The U.S. Department of Agriculture defines bioengineered foods as foods that “contain detectable genetic material that has been modified by certain laboratory techniques that cannot be created by conventional reproduction or found in nature.”
If this definition sounds familiar, it is because it is essentially how genetically modified organisms or GMOs are defined – a common vocabulary that many use and understand.
On January 1, 2022, the USDA implemented a new U.S. standard for the disclosure of bioengineered foods. Buyers see food labels with the terms “bioengineering” or “bioengineering derivative” printed on a green seal with the sun shining on the cultivated land.
More than 90% of corn, soybeans and sugar beets grown in the United States are genetically modified. This means that many processed foods that contain high-fructose corn syrup, sugar beet sugar or soy protein may fall under the new disclosure standard. Other whole foods on the USDA list of bioengineered foods, such as certain types of eggplant, potatoes and apples, may also need to be labeled.
Food manufacturers have historically opposed labeling. They claim to mislead consumers into believing that bioengineered foods are unsafe. Numerous studies, the USDA and the World Health Organization have concluded that the consumption of genetically modified foods does not pose a health risk.
However, many consumers have asked for labels to tell them if the food contains genetically modified material. In 2014, Vermont passed a strict law requiring GMO food labeling. Fearing a chessboard of state laws and regulations, food producers have successfully lobbied for a federal disclosure law that would prevent other states from doing the same. The United States is now joining the 64 countries that require some form of labeling.
Consumers and advocates are not satisfied with the new federal disclosure standard. The Center for Food Safety, the main organization representing a coalition of nonprofits and retailers, has filed a lawsuit against the USDA, arguing that the standard not only does not use common language, but is misleading and discriminatory.
According to this view, the standard is misleading because the gaps exclude many bioengineered foods from mandatory disclosure, which critics say is contrary to consumer expectations. If the genetic material is undetectable or less than five percent of the finished product, no disclosure is required. As a result, many highly refined products – for example, sugar or oil from a bioengineered crop – can be excluded from labeling requirements.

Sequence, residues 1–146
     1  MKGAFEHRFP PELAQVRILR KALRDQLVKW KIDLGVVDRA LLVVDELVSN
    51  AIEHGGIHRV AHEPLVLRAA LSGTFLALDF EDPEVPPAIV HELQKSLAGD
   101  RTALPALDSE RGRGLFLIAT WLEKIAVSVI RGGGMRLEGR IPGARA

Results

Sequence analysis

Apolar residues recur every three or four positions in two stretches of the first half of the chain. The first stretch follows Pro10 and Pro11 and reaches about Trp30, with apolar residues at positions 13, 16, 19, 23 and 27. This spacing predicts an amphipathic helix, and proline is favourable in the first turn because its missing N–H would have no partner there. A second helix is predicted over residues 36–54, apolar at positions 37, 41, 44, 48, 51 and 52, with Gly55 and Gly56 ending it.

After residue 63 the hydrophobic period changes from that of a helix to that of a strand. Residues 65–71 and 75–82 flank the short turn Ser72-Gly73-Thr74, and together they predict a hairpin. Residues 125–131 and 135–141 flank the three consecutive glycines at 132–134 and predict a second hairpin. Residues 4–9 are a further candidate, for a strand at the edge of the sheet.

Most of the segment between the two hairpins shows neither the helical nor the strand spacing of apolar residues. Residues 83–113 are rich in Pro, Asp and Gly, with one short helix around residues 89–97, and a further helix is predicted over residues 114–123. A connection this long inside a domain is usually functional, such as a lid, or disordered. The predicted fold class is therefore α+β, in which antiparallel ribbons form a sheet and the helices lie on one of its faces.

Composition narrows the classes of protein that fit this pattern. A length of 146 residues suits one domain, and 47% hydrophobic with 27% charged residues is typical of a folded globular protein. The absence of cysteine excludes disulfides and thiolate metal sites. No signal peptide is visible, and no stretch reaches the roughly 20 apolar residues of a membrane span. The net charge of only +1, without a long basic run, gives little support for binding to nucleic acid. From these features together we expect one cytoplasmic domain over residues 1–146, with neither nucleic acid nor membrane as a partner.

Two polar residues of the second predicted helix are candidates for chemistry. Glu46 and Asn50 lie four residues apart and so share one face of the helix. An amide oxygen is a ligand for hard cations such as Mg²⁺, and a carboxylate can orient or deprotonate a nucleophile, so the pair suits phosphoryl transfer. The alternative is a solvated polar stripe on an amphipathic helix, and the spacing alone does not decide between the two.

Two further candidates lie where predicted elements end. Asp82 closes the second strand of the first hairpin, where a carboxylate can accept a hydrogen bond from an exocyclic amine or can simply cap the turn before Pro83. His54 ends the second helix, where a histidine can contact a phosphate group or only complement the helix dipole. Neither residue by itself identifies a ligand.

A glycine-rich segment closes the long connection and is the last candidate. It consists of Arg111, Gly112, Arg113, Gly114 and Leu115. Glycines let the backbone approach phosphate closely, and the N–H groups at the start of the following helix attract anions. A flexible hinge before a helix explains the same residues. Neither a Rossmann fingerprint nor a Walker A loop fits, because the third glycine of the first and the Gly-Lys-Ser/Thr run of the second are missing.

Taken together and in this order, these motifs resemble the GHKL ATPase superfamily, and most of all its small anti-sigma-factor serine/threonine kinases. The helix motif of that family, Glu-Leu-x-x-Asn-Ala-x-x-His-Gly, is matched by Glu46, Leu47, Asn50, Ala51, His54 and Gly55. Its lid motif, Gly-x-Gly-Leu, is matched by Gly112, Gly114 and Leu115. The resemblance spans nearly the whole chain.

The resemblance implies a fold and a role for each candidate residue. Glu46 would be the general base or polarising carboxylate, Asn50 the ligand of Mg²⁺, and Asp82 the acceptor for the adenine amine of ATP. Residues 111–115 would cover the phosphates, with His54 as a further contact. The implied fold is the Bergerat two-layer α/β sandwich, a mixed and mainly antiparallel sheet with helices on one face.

Bioengineered food served in restaurants, canteens and transport systems, including food trucks, is also excluded. And the standard excludes meat, poultry and eggs, as well as products that list those foods as either the first ingredient or the second ingredient after water, broth or both. It takes a 43-minute USDA webinar to explain what’s in and out of this new disclosure standard.
Lawyers argue that the standard is discriminatory because it provides food manufacturers with disclosure options that can replace the green bioengineering seal. These include listing a phone number to call or a text message for information or a QR code. But critics point out that many people in the United States do not have access to smartphones, especially those over the age of 65 and those earning less than $ 30,000 a year.
In my opinion, consumers who want to avoid bioengineered foods could be best served by buying certified organic products that ban genetically modified ingredients. Or they can search for the voluntary Non-GMO Project Verified label, which features a butterfly. It was launched in 2010 and appears on tens of thousands of food products. Both labels indicate that a third party inspector has verified that the non-GMO standard has been met.
The new federal labeling standard has hit the market with little fuss – probably because neither side in the fight for genetic modification and food sees this as a victory.
– Kathleen Merrigan is a professor of Kelly and Brian Swette at the School of Sustainability and executive director of the Swette Center for Sustainable Food Systems at Arizona State University. This article originally appeared in The Conversation.
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